Developers complain about Android sales

Some say problems with Android's online market make it hard to earn money on Google's mobile-phone platform

Android Market, Google's equivalent of Apple's App Store, is just getting off the ground

Android Market, Google's equivalent of Apple's App Store, is just getting off the ground

The Android Market probably produces less than US$5 million a month, despite a recent report that issued that estimate, one successful application developer says.

On Monday, games developer Larva Labs revealed its sales figures for its Android apps and complained that Google needs to make some changes to help developers improve their prospects. It suspects that the Android Market probably produces far less than $5 million per month, as estimated by the AdMob report. That same report estimated that the iPhone application store generates $200 million a month, the veracity of which also has been the subject of much developer debate.

Larva Labs joins a chorus of developers, many of whom have been long clamoring for changes in the way the Android Market works in hopes of earning more from their applications.

One of Larva Labs' games, RetroDefense, was ranked first among paid apps in the Market and is now at number two. Another of its games, Battle for Mars, is ranked number five. Both games have been featured at the top of the Market and on the Android Web site. Yet the games are averaging $62 per day in sales combined. "Very difficult to buy the summer home at this rate," Matt Hall of Larva Labs noted in the blog post.

He compares Larva Labs' experience in the Android store to some of the better-known success stories on the iPhone. The game Trism, for example, earned $250,000 in its first two months in the iPhone store, according to its developer at Demiforce. Over about three months in the Android store, Trism falls in the rank of applications with 100 to 500 downloads. At $2.99 per download, that's a maximum of less than $1,500 in sales.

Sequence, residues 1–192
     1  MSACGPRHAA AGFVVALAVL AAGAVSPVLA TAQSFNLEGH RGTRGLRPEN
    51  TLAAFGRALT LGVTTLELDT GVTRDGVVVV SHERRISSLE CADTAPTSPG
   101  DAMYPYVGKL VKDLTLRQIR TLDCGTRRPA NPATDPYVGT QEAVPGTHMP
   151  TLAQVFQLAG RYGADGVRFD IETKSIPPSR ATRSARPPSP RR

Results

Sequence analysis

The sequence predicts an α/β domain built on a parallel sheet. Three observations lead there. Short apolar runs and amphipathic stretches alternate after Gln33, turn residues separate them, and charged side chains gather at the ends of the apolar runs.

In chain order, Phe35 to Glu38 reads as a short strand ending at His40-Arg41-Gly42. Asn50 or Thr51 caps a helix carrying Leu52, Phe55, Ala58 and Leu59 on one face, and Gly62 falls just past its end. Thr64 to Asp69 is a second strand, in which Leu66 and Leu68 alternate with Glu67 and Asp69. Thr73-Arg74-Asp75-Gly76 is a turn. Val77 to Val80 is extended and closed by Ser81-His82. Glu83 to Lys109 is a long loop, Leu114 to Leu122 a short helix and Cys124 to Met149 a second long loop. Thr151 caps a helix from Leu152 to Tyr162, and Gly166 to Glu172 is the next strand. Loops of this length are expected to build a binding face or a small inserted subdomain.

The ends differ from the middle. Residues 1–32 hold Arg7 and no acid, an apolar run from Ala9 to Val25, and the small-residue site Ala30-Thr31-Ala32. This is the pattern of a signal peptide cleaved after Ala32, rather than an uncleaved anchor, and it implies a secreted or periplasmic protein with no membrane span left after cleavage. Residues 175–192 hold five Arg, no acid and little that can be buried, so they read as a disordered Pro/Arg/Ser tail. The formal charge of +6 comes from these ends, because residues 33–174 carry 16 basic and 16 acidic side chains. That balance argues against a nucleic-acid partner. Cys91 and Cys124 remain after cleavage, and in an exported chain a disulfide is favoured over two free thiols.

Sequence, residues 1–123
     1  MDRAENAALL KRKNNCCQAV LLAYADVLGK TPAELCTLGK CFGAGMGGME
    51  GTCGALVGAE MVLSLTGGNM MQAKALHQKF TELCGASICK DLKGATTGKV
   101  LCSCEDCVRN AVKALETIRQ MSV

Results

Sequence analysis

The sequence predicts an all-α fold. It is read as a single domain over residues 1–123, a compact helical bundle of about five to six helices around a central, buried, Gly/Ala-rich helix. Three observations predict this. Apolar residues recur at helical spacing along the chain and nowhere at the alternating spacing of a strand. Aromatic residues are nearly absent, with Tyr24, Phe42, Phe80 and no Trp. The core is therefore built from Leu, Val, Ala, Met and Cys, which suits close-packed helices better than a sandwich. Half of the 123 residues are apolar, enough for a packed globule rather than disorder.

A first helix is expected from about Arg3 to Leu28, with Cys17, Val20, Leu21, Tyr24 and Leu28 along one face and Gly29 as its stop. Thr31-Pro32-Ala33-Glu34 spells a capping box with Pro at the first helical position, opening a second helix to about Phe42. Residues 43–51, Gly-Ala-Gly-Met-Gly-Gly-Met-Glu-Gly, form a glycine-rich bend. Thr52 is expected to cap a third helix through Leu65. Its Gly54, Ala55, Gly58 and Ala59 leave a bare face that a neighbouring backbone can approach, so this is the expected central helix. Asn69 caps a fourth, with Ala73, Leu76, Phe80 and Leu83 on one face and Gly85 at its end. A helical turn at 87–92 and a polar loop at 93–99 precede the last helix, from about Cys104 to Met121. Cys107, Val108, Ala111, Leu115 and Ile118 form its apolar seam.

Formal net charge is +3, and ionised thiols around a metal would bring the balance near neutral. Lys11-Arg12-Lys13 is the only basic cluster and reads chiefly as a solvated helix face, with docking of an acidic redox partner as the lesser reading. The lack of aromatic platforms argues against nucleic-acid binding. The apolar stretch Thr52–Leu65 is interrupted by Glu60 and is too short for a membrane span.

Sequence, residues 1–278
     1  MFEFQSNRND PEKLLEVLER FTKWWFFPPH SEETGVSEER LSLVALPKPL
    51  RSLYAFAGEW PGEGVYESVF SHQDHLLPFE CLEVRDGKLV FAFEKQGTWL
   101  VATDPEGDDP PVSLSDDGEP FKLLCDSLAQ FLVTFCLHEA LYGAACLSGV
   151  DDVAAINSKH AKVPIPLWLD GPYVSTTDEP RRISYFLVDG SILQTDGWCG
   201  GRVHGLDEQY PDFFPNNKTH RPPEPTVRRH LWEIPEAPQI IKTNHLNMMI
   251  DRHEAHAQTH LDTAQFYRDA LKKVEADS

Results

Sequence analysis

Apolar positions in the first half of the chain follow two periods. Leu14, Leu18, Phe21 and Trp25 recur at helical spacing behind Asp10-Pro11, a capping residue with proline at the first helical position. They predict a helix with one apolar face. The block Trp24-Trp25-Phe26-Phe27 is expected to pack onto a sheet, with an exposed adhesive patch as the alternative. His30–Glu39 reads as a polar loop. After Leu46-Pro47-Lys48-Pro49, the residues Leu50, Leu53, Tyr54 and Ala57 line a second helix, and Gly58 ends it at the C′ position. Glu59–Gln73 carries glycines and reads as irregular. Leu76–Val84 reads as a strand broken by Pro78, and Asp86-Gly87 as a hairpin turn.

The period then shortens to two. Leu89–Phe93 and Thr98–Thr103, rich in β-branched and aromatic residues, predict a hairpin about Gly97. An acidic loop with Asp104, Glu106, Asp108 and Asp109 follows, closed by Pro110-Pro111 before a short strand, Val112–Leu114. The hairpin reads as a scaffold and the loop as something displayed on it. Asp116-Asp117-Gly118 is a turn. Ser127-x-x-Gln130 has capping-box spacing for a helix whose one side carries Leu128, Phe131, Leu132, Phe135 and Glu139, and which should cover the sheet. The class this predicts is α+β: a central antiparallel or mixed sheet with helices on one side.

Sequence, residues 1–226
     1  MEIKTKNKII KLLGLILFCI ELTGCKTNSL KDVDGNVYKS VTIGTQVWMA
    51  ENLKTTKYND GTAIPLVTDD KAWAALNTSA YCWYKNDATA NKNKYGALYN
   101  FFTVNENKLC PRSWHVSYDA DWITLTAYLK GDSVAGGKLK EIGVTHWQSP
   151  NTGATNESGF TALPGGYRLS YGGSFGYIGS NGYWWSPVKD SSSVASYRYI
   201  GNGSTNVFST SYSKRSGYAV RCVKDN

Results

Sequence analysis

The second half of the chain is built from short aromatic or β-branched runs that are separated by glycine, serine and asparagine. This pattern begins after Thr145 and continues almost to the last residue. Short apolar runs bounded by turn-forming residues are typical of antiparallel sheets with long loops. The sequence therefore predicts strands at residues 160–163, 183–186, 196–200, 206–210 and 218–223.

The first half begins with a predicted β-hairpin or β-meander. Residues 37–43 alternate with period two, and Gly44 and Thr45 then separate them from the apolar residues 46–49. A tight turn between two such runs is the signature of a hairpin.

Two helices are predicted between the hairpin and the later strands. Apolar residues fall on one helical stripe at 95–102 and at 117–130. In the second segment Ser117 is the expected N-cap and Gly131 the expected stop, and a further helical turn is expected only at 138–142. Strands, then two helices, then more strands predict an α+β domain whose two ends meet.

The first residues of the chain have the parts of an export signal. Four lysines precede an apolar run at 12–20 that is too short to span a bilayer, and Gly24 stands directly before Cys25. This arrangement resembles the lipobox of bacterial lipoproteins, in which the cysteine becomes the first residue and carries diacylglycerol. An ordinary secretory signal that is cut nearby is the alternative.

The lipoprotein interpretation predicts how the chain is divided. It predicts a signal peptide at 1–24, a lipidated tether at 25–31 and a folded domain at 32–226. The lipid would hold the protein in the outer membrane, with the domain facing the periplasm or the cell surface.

One issue is that there are far fewer Android phones than iPhones in the market. But developers say there are bigger problems with the Android Market than that.

Since the Market began accepting paid applications, developers have complained about a number of items that haven't yet changed. One is that the only way that users can buy applications is using Google Checkout, a payment system that isn't widely used. Developers want to be able to offer customers more payment options that they might find more convenient.

They may get other options in the future, although it's not certain when or in what form. In the terms of service that Android users must agree to before using the phones, Google says that it may make available various payment processing methods for buying products from the Market.

Larva Labs and other developers also complain about some other somewhat basic limiting features of the Market, such as a short maximum on how many characters a developer can use to describe their application and the inability to include a screenshot in the description.

In a follow-up blog post on Tuesday, Larva Labs pointed to additional issues such as Google's policy of allowing users to refund an application for any reason within 24 hours. The "refund process is just too simple," one developer agreed in a Google forum thread titled "sad application sales."

Developers say that users can too easily game the return policy. "If my plane is delayed and I get a solid two hours of enjoyment from a $3 jumpy game, I shouldn't be able to refund it 24 hours later," Larva Labs' John Watkinson argues in the Tuesday blog post.

Google did not immediately reply to a request for comment about Larva Labs' complaints.

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